This article was originally published in the Winter 2008 issue of Scotregen Journal (p12).
A year ago, xx-SURF chair Pat Ritchie, from the regional development agency One NorthEast, led a SURF discussion on regeneration policy and practice in Scotland and England. What has changed since then?
We were just about to have an election in Scotland and were preparing for another, possibly different, coalition government. Now we have a different party in power and we have a different way of governing through a minority administration. John Swinney has suggested that the Concordat will be as important in the long run as the initial devolution settlement and for regeneration the switch is important because it implicitly accepts that there will be a postcode lottery for certain services, but one driven by local choice rather than the centre. I think that few of us would have foreseen this at the time.
Even short-term predictions are difficult at the moment especially in regeneration. The moral is that we will always have to make decisions with imperfect information and in less than ideal circumstances. However, the ability to solve problems and to put things right usually depends on looking in the right place. With regeneration we are often looking at problems in the wrong way, which can explain why we get the answers wrong or at least get the wrong answers.
The American security expert George Treverton makes an interesting distinction between a puzzle and a mystery. The question ‘Where is Osama Bin Laden?’ is a puzzle. What we lack to solve this puzzle is accurate information and if Bin Laden is ever found it will almost certainly because someone gives away this information to those pursuing him.
The question ‘What will happen in post Saddam Iraq?’ is, on the other hand, a mystery. What we lack isn’t information but a different range of things which require assessment, judgement, collaboration, skill in negotiation and so on. Information may be part of this, but it is not an information driven problem with an information based solution.
Hidden in plain sight
Malcolm Gladwell expands this point whilst looking at Enron. Most people complained that Enron had not disclosed enough information about its operations (a classic puzzle) but Gladwell argues that all the relevant information was already in the public domain but that investors couldn’t (or didn’t want to) see it (a classic mystery). The problems of Enron were ‘hidden in plain sight’.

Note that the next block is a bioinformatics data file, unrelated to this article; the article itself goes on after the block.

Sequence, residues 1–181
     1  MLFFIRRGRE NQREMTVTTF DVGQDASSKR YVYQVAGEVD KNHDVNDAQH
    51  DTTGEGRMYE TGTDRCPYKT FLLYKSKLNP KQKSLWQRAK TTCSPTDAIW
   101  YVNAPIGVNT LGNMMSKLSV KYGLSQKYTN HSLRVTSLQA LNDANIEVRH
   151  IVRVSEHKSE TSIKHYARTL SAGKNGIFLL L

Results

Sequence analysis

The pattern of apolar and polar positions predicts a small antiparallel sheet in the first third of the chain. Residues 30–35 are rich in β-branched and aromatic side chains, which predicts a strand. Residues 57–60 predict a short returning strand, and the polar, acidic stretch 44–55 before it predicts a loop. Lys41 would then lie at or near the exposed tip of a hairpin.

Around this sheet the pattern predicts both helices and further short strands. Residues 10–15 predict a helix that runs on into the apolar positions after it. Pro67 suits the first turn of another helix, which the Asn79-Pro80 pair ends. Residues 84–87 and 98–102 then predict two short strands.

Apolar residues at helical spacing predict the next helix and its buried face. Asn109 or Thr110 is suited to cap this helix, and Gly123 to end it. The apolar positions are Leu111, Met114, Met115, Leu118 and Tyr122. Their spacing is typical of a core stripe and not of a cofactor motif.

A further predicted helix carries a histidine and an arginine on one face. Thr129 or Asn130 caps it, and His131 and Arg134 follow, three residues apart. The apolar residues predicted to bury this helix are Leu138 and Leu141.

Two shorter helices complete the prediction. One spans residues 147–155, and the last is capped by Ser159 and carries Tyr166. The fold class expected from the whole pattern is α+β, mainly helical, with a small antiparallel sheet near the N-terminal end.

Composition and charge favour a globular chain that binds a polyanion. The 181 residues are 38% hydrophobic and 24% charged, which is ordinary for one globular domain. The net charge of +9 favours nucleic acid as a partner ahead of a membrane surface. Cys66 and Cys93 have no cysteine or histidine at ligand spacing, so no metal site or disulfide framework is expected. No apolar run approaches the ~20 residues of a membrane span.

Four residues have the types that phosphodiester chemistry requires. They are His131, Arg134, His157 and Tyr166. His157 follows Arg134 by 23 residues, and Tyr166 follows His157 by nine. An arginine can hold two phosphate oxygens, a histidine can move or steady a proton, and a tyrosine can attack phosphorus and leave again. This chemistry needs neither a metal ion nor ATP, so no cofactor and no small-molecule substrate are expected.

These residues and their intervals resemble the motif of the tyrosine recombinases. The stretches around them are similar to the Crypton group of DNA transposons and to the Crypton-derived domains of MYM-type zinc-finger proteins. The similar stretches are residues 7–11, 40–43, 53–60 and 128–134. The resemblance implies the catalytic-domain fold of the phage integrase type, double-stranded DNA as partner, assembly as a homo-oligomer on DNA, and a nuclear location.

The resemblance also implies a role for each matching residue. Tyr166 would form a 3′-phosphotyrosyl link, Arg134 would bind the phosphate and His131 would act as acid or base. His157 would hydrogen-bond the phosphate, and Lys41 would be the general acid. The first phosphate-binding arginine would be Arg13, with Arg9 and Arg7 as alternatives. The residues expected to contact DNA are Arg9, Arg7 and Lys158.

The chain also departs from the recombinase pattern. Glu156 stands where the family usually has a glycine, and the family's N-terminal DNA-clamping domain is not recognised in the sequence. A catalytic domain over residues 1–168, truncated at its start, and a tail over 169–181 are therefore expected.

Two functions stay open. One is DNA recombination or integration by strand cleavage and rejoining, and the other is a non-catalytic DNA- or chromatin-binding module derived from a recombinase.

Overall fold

So you can see where this is going. I think that we often treat regeneration as if it is a puzzle, which leads us to focus on collecting more and more information, whereas it is actually a mystery which requires a different way of thinking about things, especially the willingness to exercise judgement, take decisions and turn ‘information into intelligence’. Crucially, the institutions we previously set up to tackle regeneration, for example Communities Scotland (CS), were wedded to seeing it as a puzzle and their failure was not especially surprising.
A small example of this is the way in which CS got very excited over the fact that data could map the worst areas in groups as small as 750 households. But this misses the point in two important ways. First of all even at this level of detail you are still left with the uncomfortable fact that most deprived people don’t live in deprived areas and most people in deprived areas are not deprived, allied to the fact that the solutions to deprivation (especially employment) will largely lie outside of those areas. Second, if we consider some of the things that we want regeneration policy to achieve – greater empowerment, increased confidence and well being, stronger communities, more self-esteem or whatever, then we can see that these require judgement and choice rather than more information.
Wicked elves cleared
It might be argued that this is unfair and that CS did see regeneration as a mystery and not a puzzle in my sense of the term. All I can say is that for four years on the Board it didn’t seem like that. Mystery yes, but not in a good way. And as a Board member I would want to take my share of the blame for this. Wicked elves were not responsible for failure here, the Board and mangers were jointly responsible. I think that many of the organisational failures within CS were due to the fact that it remained a housing agency looking at regeneration, rather than a regeneration agency with a role in housing and certainly it never consistently engaged with those experts, communities and agencies who could have helped it make a better fist of regeneration. The new English Homes and Communities Agency has much to learn from this.
The challenge for the future in regeneration lies then, in seeing if the new set up in Scotland with local authorities having a bigger role and central government setting a framework will enable us to tap more effectively into the judgement intelligence of those who are practitioners rather than relying on information, and the resulting policies, generated at the centre.